spurious moderator variables (Hunter & Schmidt,

However, if it were significant, it means that when

2004).

treatment participants have 0 psychotherapy sessions,

In this fictional dataset, we have identified two

we expect the average ES to be -0.68. Despite lack of

moderator variables to examine with mixed-effects

statistical significance, this finding is not particularly

models (also called “meta-regression” or “moderator”

meaningful anyway because psychotherapy without a

or “conditional” models). The effects of each moderator

single session is not psychotherapy! Nevertheless, in

variable will be analyzed individually, prior to being

this case we can roughly interpret the intercept as the

analyzed jointly in a multiple moderator model. For

average control group ES compared to the treatment

example, examining dose moderator in a mixed-effects

group, which, not surprisingly, is similar to the omnibus

model is given by

ES. One possibility for making the intercept value more

meaningful, at least in this case (and only for non-

(9) dichotomous variables), is to center the moderator

variable to a meaningful value. For example, centering

the dose moderator to the average value across the

where γ0 is the expected effect for a study when the

studies included in the meta-analysis will make the

moderator is zero, centered at the grand mean, or

intercept term more meaningful. It will provide

centered in another way. If a moderator variable

information about the average treatment effect for a

accounts for the effects detected, the fixed effect γ1 will

study with the typical number of psychotherapy

be significantly different than zero (p-values < .05) and

∗ sessions (average dosage). This will not be elaborated

the variance, v j , will be reduced. Note that these

on any further here but see the R code available on the

models have limited statistical power, because the

journal’s web site for examples of how to center

degrees of freedom is based on the number of studies

moderator variables.

that can be coded for the study characteristic analyzed.

The statistically significant slope coefficient, γ1 =

To examine the dose moderator (continuous

0.15, can be interpreted much like ordinary least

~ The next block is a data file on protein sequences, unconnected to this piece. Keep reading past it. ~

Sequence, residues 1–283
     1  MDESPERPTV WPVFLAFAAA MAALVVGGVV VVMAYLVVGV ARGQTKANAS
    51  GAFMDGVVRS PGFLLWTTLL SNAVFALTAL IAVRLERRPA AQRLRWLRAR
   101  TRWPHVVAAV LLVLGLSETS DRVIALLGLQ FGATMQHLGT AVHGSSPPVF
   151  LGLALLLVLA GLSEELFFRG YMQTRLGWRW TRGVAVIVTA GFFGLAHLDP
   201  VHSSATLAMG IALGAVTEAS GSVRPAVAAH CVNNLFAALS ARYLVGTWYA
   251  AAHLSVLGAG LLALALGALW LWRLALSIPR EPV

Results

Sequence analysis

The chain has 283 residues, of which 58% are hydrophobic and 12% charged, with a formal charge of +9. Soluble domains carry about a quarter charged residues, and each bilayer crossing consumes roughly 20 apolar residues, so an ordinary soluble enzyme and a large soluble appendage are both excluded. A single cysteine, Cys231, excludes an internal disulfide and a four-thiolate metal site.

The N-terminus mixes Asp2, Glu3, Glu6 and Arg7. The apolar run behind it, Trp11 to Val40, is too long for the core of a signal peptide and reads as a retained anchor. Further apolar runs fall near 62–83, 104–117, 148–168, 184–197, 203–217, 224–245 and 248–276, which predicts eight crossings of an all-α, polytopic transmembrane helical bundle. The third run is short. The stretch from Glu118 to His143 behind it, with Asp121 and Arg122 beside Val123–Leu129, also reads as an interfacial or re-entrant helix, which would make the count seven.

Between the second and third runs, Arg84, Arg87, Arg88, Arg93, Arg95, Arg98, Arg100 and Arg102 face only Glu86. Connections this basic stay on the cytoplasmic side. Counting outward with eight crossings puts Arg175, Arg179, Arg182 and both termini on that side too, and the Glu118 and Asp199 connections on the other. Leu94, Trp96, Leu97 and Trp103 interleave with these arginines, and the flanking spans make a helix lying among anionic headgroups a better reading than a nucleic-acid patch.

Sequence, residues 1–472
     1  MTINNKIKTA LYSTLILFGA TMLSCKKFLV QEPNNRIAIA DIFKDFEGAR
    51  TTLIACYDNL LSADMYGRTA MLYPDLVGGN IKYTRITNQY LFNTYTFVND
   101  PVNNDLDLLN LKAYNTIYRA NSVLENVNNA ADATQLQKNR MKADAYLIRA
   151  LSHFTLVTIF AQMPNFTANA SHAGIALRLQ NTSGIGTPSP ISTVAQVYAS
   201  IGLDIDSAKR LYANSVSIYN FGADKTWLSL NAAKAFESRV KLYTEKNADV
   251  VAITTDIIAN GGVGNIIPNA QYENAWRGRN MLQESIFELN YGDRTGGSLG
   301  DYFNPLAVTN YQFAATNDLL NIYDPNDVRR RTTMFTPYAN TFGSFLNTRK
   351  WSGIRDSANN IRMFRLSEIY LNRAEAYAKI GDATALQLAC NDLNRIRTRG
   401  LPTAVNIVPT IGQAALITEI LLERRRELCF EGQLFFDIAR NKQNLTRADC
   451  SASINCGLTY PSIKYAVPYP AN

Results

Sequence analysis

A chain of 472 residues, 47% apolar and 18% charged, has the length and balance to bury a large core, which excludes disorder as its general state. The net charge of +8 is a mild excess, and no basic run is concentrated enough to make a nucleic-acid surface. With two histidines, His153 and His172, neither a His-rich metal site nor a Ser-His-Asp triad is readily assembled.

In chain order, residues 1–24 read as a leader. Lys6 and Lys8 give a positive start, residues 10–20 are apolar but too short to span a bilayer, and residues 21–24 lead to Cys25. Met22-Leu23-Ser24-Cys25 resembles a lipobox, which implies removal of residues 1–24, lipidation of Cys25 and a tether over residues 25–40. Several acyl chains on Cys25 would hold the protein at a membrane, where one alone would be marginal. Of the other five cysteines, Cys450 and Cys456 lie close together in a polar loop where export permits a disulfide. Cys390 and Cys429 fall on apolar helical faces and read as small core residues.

variable) under a mixed-effects model, the following is

squared regression models, where a one unit change in

entered at the R command line:

the predictor (here dose moderator variable) results in

m1 <- mareg( an expected change of γ1 in the outcome. Given this is a

es ~ dose, var = var, continuous variable, we expect that for each additional

data = dat.sim.final psychotherapy session, the ES will increase by 0.15 and

) we are 95% certain that the true effect lies somewhere

between 0.07 and 0.23. Therefore, a participant who

summary(m1) # DOSE MODERATOR

completes 10 sessions of this fictional therapy (average

which outputs number of sessions in this dataset) is expected to

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improve by g = 0.79 above that of the control group. stress group is represented here by the intercept term

This can be manually computed at the R command line and the low stress group is represented by the slope

as follows: term (γ1). Therefore, the high stress group improved by

g = 0.97 (almost a full standard deviation) at post-test

y0 <- m1$b[1] # INTERCEPT

compared to the control, whereas the low stress group

y1 <- m1$b[2] # SLOPE

ES of g = -0.59 improved by g = 0.38 (i.e., ghigh – glow =

# AVERAGE NUMBER OF SESSIONS = 10

0.97-.59 = 0.38) compared to control. Therefore,

x1 <- mean(dat.sim.final$dose)

therapeutic effects here appear to be moderated by

# TO CALCULATE EXPECTED ES WITH 10 SESSIONS

stress levels, such that those with higher stress tend to

y0 + y1 * x1

improve to a greater extent than those in the lower